Tuesday, April 6, 2010

A Door Closes and No Window Opens (but at least I finally have the time to get that window really clean)

For the first time in I don't know how long, I'm unemployed. Well, technically, I'm employed until April 30 but because the campaign I was part of is essentially finished, my employer is (very generously and, frankly, wisely) allowing those of us whose contracts will not be renewed to vamoose/get out/stay home while they pay us out.

Yes, that's right, I'm getting paid to stay home. Commence envious gasping now.

Of course, I have no idea what I'm going to do next, absolutely no idea. I do know, however, what I won't be doing any time soon and that's fundraising. After 10 years, I'm done. Like dinner. Just thinking about it makes my jaw clench and my brow furrow. I can't bear the thought of asking anyone for money for any cause and, more to the point, I don't think I'm any good at doing it any more. Once upon a time, in the right circumstance, for the right organization and with the right boss/mentor, I was good at it. I hit my targets, I made donors happy, I was fulfilled and enjoyed myself so much it almost seemed criminal to accept a paycheque. I didn't even mind the donor who insisted I pick up his cheque in person every year, the better to stare pointedly at my chest as he handed it to me over his desk (I retaliated by staring pointedly at his toupee for the entire exchange), it was all fun and games at the time.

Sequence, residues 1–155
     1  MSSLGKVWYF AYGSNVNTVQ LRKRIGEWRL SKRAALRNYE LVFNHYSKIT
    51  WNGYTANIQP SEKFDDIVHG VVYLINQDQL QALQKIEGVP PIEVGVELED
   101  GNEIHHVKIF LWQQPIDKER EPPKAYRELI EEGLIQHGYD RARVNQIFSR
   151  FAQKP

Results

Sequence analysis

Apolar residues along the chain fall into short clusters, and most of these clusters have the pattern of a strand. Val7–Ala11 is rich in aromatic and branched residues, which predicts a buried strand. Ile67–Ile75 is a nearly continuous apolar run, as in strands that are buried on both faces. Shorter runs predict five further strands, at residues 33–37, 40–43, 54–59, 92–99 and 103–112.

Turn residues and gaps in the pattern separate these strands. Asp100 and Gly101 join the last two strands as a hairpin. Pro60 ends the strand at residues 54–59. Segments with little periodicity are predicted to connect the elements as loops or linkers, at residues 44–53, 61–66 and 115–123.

But no more. It's over. I'm too self-conscious about it now, too aware of the ridiculousness of a job that requires you to beg, professionally. Oh, I know, it's not begging, it's not sales, it's fundraising!, but when you're facing a seemingly insurmountable financial goal with prospects who have no intention of voluntarily ante-ing up and you no longer believe in your ability to charm donors, it's pretty much begging. And I never meant to be a fundraiser in the first place, I just sort of fell into it by accident, so it's not like I'm walking away from The Perfect Career. I've been kidding myself about this line of work for years now.

So what to do next? Not a freaking clue. And yet, I'm strangely unmoved by this. I was more panicked about what I'd do post-campaign when I was still in campaign. Now that it's all over, and it's all official that my contract is over, I just feel free. I haven't clenched my jaw to the point of cracking molars in three weeks. I can't remember the last time I had a headache. The cooking rut I'd had us holed up in since Christmas has ended. I can think of all the stuff I want to do around the house without getting all verklempt and, more importantly, I've started getting that stuff done. With pleasure. I really excel at this staying home stuff, you know?

Of course, all good things come to an end and I will have to find work at some point -- if all goes to plan, not just yet, but soonish -- which begs the question of what sort of work I want to find. At this point I can't imagine what I want to do or who I want to be when I grow up, but I'm quite convinced that the further I get away from the fundraising character I've been playing, albeit badly, since 1999, the closer I'll be to figuring out what I'm supposed to do next.


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